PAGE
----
After a long day at the office, it’s tempting to skip your planned 5K run or group fitness class in favor of some wine and a Netflix binge. And, we’ve all had those pre-dawn mornings where your warm bed is too comfortable and exercise is just not going to happen, even after you’ve signed up for a seat in an indoor cycling class. But, if you keep hitting snooze instead of hitting the gym multiple days in a row and it starts to become a habit, you might need to do some soul-searching. It’s time to find out why you are skipping workouts in the first place so that you can push through and crush your fitness goals.
Why are we skipping workouts, really?
You say that you’re skipping workouts because you’re too tired or too busy to exercise. But, usually, there’s more going on underneath the surface of those excuses, says Julia Tehovnik, a licensed professional counselor (LPC) in Chicago who specializes in sports and health psychology.
For one, you’re probably unmotivated, she explains. “If we’re feeling unmotivated, it’s quite easy to push working out down the list of our priorities,” she says. “Once our motivation starts to lessen, it becomes easier to find reasons to skip our workout routines. [These] include having no time to work out due to a busy schedule, or feeling too tired at the end of the day from being busy all day. Underlying those excuses is usually a lack of motivation.”
Alternatively, Tehovnik says that you might be stuck in a workout rut. “Frequently my clients will disclose [that] they are feeling discouraged from the lack of tangible results from their workouts, or even feelings of worthlessness because their workouts are physically taxing and difficult to complete,” she says.
Monica Lam-Feist, ACE-certified personal trainer and fitness lead at AlgaeCal in Vancouver, BC, thinks it comes down to a matter of prioritization. “For a lot of people, it’s easier to skip a workout than to reschedule an appointment or complete that errand,” she says. “And, while it’s important to stay on top of your busy daily life, that doesn’t mean [that] your health should take a back seat.”
To stay on track, remember your “why.”
Whether you’re not feeling motivated, or your schedule is getting in the way of gym time, the good news is that you can get back on track with consistent exercise. But, in order to get there, it’s important to remember why you’re doing this in the first place, says Matthew Peale, co-founder of Movement Academy, an online exercise program and motivation platform in Mandeville, Louisiana.
“Everything boils down to a person’s why,” Peale says. “If the why is not strong enough, you will not stick to anything.”
Is your “why” to lose weight, feel better, or to accomplish a goal—like running your first 5K? Visualize a goal and write it down. “To establish a strong why, keep it specific and have a time frame for when the goal is to be accomplished,” says Peale. “There also has to be a fun factor. Doing something that is enjoyable or leads to a feeling of accomplishment is easier to stay on track for, than a goal which has no enjoyment.”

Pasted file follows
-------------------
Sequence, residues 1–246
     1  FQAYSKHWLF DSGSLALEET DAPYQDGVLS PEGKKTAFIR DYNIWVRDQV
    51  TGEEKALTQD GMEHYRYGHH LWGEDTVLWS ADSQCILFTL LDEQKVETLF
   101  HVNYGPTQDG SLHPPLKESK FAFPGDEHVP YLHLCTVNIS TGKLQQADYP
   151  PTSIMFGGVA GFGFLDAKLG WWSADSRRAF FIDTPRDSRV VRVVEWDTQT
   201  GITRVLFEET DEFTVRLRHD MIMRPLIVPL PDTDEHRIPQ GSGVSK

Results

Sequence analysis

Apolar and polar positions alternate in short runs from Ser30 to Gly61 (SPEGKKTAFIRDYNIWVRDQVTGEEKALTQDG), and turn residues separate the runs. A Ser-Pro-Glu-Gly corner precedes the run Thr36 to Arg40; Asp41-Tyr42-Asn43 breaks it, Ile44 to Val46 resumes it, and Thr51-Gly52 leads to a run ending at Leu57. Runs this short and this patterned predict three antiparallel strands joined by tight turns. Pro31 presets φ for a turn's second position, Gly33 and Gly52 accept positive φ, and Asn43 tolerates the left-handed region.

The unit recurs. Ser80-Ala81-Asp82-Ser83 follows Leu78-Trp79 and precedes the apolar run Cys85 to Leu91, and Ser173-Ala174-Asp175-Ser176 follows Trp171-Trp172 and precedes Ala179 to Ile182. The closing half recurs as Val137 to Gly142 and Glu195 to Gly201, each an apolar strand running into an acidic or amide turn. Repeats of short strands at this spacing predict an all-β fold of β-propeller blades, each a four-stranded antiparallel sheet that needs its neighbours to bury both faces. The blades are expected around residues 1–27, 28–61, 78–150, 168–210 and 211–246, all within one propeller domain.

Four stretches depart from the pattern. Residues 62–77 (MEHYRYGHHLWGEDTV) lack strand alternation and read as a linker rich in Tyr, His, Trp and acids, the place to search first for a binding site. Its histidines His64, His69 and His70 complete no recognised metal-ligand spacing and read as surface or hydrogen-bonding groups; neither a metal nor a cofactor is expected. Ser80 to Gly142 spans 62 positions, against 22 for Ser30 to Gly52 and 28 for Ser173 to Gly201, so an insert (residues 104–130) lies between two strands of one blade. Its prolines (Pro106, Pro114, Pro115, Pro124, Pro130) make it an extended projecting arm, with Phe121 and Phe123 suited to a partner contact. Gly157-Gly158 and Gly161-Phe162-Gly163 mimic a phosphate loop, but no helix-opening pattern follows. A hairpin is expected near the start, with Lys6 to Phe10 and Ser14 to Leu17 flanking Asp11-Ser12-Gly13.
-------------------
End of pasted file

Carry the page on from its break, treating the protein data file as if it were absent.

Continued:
Tips for Sticking to Your Workout Schedule
Even if you’ve got your “why” in order, it can still be difficult to stick to that training schedule when things get busy with kids, other family obligations, and work. These expert tips may help you to stop skipping workouts.
Find something you enjoy.
If you don’t enjoy running, visiting the gym, or lifting weights, you won’t be motivated to do them. So, don’t. “If the gym isn’t your jam, try a recreational league sport,” recommends Lam-Feist. “Go for a walk, a hike, or try frisbee golf. Think of non-traditional exercise. At the end of the day, the best way to stick to a program or a workout is to really enjoy it. If you can find something that you don’t associate with exercise—you’ve won!”
If you have problems with prioritizing exercise, keep it simple and work out at the same time each day, Tehovnik advises. That way, it will eventually become part of your normal schedule. She also suggests scheduling morning workouts if you’re usually busy. That way, your daily activities won’t get in the way of your workout and you’ll feel accomplished all day long.
Set a game plan.
Even more specifically, plan your schedule to a “T” recommends Lam-Feist. “A game changer for me was putting allotted hours into my Google Calendar each day for my workout,” she says. “Whether you’re exercising two to three times a week or daily, try it. Signing up for fitness classes and reserving spots in a class is also a great way to stay consistent. It helps to keep you accountable.”
Mix it up.
Tehovnik says that you can keep your workout schedule consistent. But, mix up your routine to avoid boredom and keep your body challenged. For example, if you usually bike, try stair climber or yoga. Stay creative and try something new every few weeks, if possible.
Find your squad.
You’re more likely to stop skipping workouts if you have friends waiting for you, says Peale. “Do an activity in a group or with a partner. It spreads out the accountability and also doesn’t feel like exercise when you’re meeting friends,” he recommends.